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Advertising Copy Quick Tips

There are a lot of “don’ts” and “can’ts” when it comes to advertising words and images. These don’t necessarily apply to organic posts. 

Therefore, if you’re boosting a post, that post becomes an ad, and you may have words or images that are big fat “NO-NO’S.”

Often, these policy violations result in an ad being rejected, in which case, you can edit and resubmit. In the worst-case scenario, they shut down your ad account and don’t allow you to advertise. 

When an ad is rejected, the reason is often not clear. Sometimes it’s the image. Sometimes it’s the video. Sometimes it’s the copy. 

Here’s a quick list of some of the things you cannot do or have in your ads. I’m listing the items that are most relevant to what you’d likely advertise. 

You can view the complete list (and I highly recommend you bookmark the page and really get to know these policies)

Facebook/Instagram advertising policies

Google advertising policies

You cannot call out medical conditions that would directly label someone who clicks or interacts with your ad. 


  • If you have pain, click here. 
  • If you have diabetes, we have a program for you. 
  • Do you want to lose weight by Christmas? 

Potential solutions:

  • Avoid using second-person in the copy (don’t use the word “you” in any of your text).
  • Use third-person and describe what other people have gone through.
  • Use first-person and describe the kinds of people you work with.
  • Offer commands.


  • Patients with pain have found our program to be helpful.
  • Our program is designed for people with type 2 diabetes, and our patients have enjoyed incredible results.
  • Learn more about our program.
  • Sign up before the doors close. 

Unless you go through a rigorous application and approval process, you cannot advertise supplements on Facebook/Instagram.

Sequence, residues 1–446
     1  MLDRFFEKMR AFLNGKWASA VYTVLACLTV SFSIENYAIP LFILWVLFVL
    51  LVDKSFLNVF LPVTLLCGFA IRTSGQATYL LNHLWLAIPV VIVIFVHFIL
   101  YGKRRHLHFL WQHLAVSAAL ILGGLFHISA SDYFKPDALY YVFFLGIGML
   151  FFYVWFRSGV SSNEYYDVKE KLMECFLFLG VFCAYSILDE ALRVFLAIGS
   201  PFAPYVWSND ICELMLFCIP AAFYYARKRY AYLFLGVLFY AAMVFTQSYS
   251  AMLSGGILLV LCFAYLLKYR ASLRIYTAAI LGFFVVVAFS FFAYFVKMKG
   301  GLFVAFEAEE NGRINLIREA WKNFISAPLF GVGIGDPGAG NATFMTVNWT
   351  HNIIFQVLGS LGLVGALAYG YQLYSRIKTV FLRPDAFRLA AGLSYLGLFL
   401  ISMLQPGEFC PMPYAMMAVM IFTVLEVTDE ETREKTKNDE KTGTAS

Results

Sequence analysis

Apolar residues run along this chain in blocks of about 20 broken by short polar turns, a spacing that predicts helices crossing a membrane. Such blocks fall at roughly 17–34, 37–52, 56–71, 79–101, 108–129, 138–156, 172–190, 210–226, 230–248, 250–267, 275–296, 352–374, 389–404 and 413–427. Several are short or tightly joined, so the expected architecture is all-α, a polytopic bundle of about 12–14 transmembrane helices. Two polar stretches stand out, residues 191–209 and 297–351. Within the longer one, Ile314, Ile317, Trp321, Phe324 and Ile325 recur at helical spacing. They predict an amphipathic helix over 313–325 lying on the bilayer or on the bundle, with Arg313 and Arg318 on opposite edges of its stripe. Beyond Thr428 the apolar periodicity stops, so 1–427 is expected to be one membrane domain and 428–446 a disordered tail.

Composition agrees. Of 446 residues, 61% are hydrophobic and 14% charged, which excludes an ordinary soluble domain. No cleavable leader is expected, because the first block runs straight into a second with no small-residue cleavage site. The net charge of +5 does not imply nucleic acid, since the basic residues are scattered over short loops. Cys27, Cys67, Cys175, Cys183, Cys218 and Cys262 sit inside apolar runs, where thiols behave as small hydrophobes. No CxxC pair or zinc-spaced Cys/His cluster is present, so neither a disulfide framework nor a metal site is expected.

Best Practice: Avoid talking about the supplements specifically in your ad copy and definitely do not include images in your ad copy. 

We’ve probably all seen these, but they’re technically not allowed in ads. 

So you cannot show someone who is in pain in one frame of a video or in an image and then show that person happy and playing tennis in the next. 

The policy here is implying a guarantee or an unreasonable outcomes.  

Ad content must not imply or attempt to generate negative self-perception in order to promote diet, weight loss, or other health-related products.

You’ll need to be clever about your goal here. Again, with any “weight loss” program, weight loss isn’t actually the goal, it’s the byproduct. 

Refer to the OTHER benefits of your program to see what else you can focus on in your ad. 


Many women approaching menopause tend to gain weight due to reduction in estrogen levels, as well as difficulty sleeping, hot flashes, and grumpy mood. Discover how our programs helps patients make small habit changes to improve daily life.

I’ve drilled home the importance of having a specific audience to talk to, but we can’t call out specific things, like religion or sexual orientation.

You cannot show someone holding a joint or indicating pain. That falls under the medical conditions. 

You also cannot show too much skin (I don’t want to get into the hypocrisy around what we are often seeing) – because it’s deemed “nudity.”

Also classified as nudity:

  • The pelvic region on a skeleton.
  • A computer-generated genderless human-like figure in which the pelvic area is visible.
  • A computer-generated or drawn image of human  musculature without skin in which the pelvic area is visible. 

You can, however, show an x-ray image of half the pelvis. 

Advertising is so much fun, isn’t it (insert sarcasm here)?

Other fun things that have come up in my years of advertising: 

You cannot use ALL CAPS too much. In fact, avoid it. 

Sometimes ads that have been approved and are running will suddenly be rejected. Sometimes this is because of a new policy in place, and it truly violates that. Sometimes it’s the Facebook bots just rejecting ads. 

Sometimes Facebook will reject your ad because of something they see on your landing page. Yes, they’re judging your landing page. This is more related to popups and images than to the copy itself. 

You can make more direct requests on your landing page, and show before and afters, but you cannot have the scantily clad skeletons with their pelvic regions showing. 

Again, please review and understand the advertising policies, and if you have questions, please ask. Most of my advertising experience is in medicine, so I know these policies very well. 

When in doubt, be very conservative and reserved.

Facebook/Instagram advertising policies

Google advertising policies